Category: For photographers
“WPJA proudly recognizes Sergio Cueto as a TOP International Wedding Photographer. Members holding the most contest points at the end of each year are ranked as TOP Wedding Photographers.”
These words head the ranking of the 100 best documentary wedding photographers in 2018 according to the WPJA (Wedding Photojournalist Association). When I joined this association in mid-2018 I did not expect to even appear in that selection of the 100 best photographers, so finding my name in the 39 position has been both a surprise and an honor.
The precepts of the WPJA, with which I feel specially identified, is summarized in this paragraph extracted from their website:
“As wedding photojournalists, we measure ourselves against our ability to capture moments in space and time. It therefore follows that we do not create such moments nor stage tableaux to reenact them. WPJA winning photographs are candid portrayals of actual people participating in an actual event expressing genuine emotion — or, at times, the internal struggle to avoid too much emotion.”
Awards should never be the motivation for wedding photographers, but give our clients the best possible testimony of their wedding so that, over the years, the photographs will thrill them the same as the first day. This recognition is dedicated to all “my sweethearts” of 2018, those who have trusted my vision to photograph one of the most special days of their lives.
In the same way, being recognized in the 37th position among the best international art photographers by the WPJA Artistic Guild has been an even bigger surprise, since I only entered in half of the year’s contests. In this category, instead of real moments, pictures and details of the wedding day are awarded.
“If you think education is expensive, try ignorance.”
As a photographer I believe that constant education is a must in order to keep growing and evolving, so every year I invest an important amount of time and money on it.
Since 2013 I had considered to attend the Foundation Workshop since several colleagues and friends of mine had attended to previous editions and their references have always been very good. However, it seemed that the stars never aligned for me to be able to do it, since it usually takes place in the United States. So when Aurora Lechuga told me that there would be a new Foundation in Spain, I said “yes!” without a doubt.
The statement of Foundation Workshop is clear: intense learning mentored by some of the best teachers and wedding photographers in the world, personalized work to determine the weaknesses and strengths of each student in one of the hardest photojournalism workshops.
What has the Foundation Workshop meant for me?
At the time of writing this post, it has been 8 months since I attended the workshop and not a week has gone by that I have not reviewed any of the ideas or lessons learned. There has not been a wedding in which the voice of my mentors, Ben and Craig, have not resonated in my head.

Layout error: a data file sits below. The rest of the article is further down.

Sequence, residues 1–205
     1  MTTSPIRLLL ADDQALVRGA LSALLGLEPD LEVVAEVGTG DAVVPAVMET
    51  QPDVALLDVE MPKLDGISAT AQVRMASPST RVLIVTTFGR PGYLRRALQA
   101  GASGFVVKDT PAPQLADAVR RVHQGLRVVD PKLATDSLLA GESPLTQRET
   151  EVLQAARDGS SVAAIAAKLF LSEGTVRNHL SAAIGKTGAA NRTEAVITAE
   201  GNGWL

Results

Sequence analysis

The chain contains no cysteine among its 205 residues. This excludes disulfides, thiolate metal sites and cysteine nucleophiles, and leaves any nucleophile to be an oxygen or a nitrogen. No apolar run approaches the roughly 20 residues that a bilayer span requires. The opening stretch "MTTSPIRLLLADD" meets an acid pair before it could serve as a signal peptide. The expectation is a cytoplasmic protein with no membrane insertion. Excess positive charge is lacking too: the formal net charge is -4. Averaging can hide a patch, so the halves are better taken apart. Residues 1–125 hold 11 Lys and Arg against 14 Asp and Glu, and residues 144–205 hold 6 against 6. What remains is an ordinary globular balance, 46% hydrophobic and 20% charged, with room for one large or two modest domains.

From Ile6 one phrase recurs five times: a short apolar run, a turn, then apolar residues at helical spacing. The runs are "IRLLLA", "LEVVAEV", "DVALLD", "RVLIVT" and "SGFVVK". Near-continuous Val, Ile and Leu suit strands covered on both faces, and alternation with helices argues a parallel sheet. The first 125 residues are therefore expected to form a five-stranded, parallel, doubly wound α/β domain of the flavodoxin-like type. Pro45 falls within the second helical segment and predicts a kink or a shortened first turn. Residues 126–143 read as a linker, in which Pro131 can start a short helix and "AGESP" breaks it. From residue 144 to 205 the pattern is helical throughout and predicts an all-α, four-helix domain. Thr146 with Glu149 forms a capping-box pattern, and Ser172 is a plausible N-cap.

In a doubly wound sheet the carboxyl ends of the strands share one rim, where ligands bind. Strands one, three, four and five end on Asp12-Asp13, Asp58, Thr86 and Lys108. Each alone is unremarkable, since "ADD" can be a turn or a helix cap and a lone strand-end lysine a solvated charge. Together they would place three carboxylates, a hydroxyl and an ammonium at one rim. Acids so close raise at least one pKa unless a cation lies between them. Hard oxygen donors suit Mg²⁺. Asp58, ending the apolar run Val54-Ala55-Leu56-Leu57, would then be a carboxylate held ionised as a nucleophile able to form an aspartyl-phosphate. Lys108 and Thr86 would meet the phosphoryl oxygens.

Not only that. Foundation has meant a reencounter with photography and with myself. A point of inflection at a time in my life when I needed more than ever an impulse to move forward. A renewed vision about photography and about myself.
Is it worth the investment?
There have been several colleagues who have asked me this question.
I answer the same to everyone: it depends on what you are looking for.
Attending to Foundation (or any other type of workshop) will not automatically make you a better photographer, and even it’s possible that you’ll not see a tangible evolution in your photography immediately after. Nor will you earn recognition, contests or anything like that just for the sake of attending. Foundation is not about learning new tricks to make more spectacular photographs, so if that’s what you’re looking for you should probably look for another type of workshop.
To make the most of the experience you must open up and have a receptive mind to change, to criticism, to see things from a new perspective, be willing to roll up your sleeves and work hard on yourself. Because Foundation is not about to look outside as to look inside of you. Having an honest and clear vision of what you do and why you do it will help you to photograph equally honestly and clearly. And these kinds of changes, being so deep, are not immediate.
Foundation is not a destination to reach but the beginning of a path. You will not receive magical answers, epiphanies or miraculous solutions but the indications to find your own way. And it’s up to you to want to follow that path or not.
In my case, I can not be happier to have started it. It’s the best investment in education I’ve ever made.
I will be eternally grateful to my mentors, Ben Chrisman and Craig Fritz, for so many lessons, cherish and support. Your human quality far exceeds your enormous photographic talent. My house is your house in Spain!
Thanks Aurora Lechuga and Zoe Lammin for your efforts to make this Foundation possible in Úbeda, to take care of ourselves so much, to make everything so easy and to make the experience perfect.